You can register online or by phone or by mail. The detailed information about registering for the GRE can be found at www.yocket.in
Extracurriculars are always an add-on to your profile. Any achievements at the state or national and international level are considered important. Working for social causes such as for an NGO or charity trusts on a regular basis
There are many opportunities for international students to engage in meaningful, practical work experiences in the U.S. These experiences, typically in the form of internships and job opportunities, enable students to apply what they have learned in their programs to real organizations, and gain valuable experience in different career fields and industries.
There are different types of employment authorization which international students may be eligible to use, in order to engage in these practical experiences. Generally, unpaid work and internships are allowed in F-1 and J-1 student statuses and do not require any additional authorization. However, it is recommended that international students consult with their university’s international office to confirm any guidance they may have on how to avoid unfair or unlawful unpaid work arrangements.
Opportunities in which any type of work is performed or services are provided in exchange for money, tuition, fees, books, supplies, lodging, or for any other benefit, would be considered employment for the purposes of immigration law. Before engaging in any type of employment, international students need to first ensure that they have authorization to do so. This authorization may be an automatic benefit of their status, authorized by their school’s international office, or authorized by USCIS (United States Citizenship & Immigration Services).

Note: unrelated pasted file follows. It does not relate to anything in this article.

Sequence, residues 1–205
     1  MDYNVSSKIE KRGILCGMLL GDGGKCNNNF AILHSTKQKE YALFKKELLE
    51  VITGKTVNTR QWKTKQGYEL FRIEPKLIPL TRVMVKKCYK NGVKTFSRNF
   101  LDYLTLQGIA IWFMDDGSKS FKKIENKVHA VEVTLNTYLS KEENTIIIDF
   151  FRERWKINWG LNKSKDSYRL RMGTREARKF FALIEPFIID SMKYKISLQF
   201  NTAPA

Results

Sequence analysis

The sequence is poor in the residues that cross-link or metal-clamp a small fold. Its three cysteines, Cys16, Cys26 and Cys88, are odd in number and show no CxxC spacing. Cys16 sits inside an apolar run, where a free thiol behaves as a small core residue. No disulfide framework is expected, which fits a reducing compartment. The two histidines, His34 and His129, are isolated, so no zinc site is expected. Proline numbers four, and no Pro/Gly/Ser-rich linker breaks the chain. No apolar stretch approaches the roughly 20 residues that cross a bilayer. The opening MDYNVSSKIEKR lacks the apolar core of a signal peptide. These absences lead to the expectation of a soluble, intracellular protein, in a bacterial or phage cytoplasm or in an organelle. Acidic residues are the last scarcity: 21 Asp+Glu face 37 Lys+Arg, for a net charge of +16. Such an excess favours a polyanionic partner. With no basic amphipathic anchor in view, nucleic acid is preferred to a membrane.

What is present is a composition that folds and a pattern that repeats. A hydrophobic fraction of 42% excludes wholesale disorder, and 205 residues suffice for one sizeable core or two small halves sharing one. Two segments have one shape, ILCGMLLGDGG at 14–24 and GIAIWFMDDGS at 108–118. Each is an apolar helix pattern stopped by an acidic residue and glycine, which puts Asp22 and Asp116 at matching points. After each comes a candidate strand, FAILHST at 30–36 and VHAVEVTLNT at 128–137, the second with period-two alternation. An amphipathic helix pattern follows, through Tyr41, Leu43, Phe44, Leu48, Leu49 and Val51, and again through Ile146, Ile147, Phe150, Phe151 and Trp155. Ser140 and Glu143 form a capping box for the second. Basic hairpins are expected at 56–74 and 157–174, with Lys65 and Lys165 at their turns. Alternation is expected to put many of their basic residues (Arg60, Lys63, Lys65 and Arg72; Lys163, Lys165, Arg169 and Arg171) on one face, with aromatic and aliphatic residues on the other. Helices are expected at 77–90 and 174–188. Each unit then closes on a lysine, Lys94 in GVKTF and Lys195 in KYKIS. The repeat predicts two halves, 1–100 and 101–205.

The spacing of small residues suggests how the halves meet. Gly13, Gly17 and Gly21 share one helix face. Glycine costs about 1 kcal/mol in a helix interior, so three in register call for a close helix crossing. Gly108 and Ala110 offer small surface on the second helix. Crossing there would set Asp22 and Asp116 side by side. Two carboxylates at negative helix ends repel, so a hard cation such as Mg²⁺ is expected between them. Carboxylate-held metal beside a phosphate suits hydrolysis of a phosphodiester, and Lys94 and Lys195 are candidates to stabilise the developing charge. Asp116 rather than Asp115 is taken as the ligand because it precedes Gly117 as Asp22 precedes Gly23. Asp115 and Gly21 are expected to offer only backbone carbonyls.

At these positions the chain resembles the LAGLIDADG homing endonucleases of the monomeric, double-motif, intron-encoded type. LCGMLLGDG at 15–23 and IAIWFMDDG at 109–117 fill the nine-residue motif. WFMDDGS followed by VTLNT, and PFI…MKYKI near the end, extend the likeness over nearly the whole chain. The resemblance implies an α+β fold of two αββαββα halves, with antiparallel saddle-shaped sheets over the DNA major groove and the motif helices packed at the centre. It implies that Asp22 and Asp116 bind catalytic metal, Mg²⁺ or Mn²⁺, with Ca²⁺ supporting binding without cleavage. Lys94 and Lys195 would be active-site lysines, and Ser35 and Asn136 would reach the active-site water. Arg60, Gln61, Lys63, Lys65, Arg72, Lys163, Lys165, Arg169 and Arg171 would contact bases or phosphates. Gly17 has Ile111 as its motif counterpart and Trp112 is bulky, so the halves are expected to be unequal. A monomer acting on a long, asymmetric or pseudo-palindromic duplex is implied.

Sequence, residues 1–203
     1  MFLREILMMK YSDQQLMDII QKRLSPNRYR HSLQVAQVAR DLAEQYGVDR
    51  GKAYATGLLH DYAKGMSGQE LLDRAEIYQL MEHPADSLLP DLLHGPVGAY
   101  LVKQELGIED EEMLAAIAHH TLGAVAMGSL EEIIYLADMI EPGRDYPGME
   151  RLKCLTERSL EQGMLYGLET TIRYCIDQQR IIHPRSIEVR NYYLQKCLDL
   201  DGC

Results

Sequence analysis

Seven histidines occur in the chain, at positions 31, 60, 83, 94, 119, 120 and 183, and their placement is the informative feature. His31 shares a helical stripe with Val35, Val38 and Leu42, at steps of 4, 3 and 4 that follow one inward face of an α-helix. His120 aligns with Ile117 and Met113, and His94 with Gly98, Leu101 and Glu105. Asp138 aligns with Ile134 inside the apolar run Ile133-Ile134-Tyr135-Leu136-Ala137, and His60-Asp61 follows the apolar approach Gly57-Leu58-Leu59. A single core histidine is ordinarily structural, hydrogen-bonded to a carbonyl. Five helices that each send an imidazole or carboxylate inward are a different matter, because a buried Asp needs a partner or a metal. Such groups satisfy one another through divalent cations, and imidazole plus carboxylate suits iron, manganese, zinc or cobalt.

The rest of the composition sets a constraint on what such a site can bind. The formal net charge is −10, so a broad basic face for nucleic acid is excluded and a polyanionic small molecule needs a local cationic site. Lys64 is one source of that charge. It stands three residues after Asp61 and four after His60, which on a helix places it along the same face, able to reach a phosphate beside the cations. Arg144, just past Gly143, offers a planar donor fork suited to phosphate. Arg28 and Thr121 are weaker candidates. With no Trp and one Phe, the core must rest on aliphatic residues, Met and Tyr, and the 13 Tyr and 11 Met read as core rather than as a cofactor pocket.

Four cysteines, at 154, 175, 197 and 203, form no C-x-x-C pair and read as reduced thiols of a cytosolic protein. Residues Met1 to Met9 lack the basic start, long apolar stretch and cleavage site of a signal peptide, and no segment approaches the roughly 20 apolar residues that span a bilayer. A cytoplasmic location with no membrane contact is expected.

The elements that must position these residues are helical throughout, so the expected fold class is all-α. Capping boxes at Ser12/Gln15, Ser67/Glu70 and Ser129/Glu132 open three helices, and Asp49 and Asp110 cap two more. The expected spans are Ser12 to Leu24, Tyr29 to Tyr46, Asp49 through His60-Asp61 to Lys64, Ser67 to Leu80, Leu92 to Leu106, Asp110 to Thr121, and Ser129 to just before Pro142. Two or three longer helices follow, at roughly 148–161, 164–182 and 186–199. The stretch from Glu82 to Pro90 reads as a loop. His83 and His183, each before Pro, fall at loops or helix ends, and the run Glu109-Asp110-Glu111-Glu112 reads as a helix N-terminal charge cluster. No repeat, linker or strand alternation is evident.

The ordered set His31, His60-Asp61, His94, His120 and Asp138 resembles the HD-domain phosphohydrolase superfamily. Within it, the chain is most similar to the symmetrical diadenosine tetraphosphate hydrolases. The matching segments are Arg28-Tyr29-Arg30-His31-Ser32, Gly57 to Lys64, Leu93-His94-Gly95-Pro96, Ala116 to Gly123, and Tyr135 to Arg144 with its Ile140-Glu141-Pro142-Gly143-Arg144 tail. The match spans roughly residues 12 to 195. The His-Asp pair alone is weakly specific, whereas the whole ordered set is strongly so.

There are various forms of employment authorization that may be available to international students. A few of the most commonly-used forms of authorization are detailed below.
International students in F-1 and J-1 student status are generally permitted to work on-campus at their sponsoring school (the school that issued their I-20) throughout the duration of their program. F-1 and J-1 students can work up to 20 hours per week on-campus while classes are in-session, and more than 20 hours per week during official school breaks and vacation quarters.
On-campus work does not have to be related to the student’s area of study, but could certainly be used to gain experience in one’s field, build one’s professional skill set, or explore other interests through various types of student employment opportunities that may be available on-campus.
F-1 students may be eligible to participate in practical training programs that are an integral part of an established curriculum, and are directly related to the student's major area of study. This type of authorized employment is called curricular practical training, or CPT. CPT can be used for internships, practicums or other short-term positions that are required for the completion of their degree, required for a particular course, or a part of a co-operative education program that their university has with an employer or set of employers.
Because CPT is not an automatic benefit of F-1 status (like on-campus work), students must apply for CPT through their university’s international office. The types of degree requirements, course requirements and co-operative educational programs vary widely across universities and the specific programs within each university. Therefore, students will first need to confirm that their specific program has a CPT-eligible element (practical experience tied to a degree requirement, course requirement or co-operative education), then apply for the CPT authorization per specific guidance given by their university’s international office.
While CPT details, availability, and application process may vary by university, here are a few standard features of CPT:
In order to be eligible for CPT, students must:
Have a valid F-1 Status.
Be full-time enrolled for one academic year before the work is performed.
Be enrolled in a degree program at an accredited, SEVP-certified U.S. institution of higher education.
Have a specific job offer that meets the school’s requirements for the relevant course, degree, or co-operative opportunity.
CPT can only be used during one’s academic program (before the end date on one’s I-20).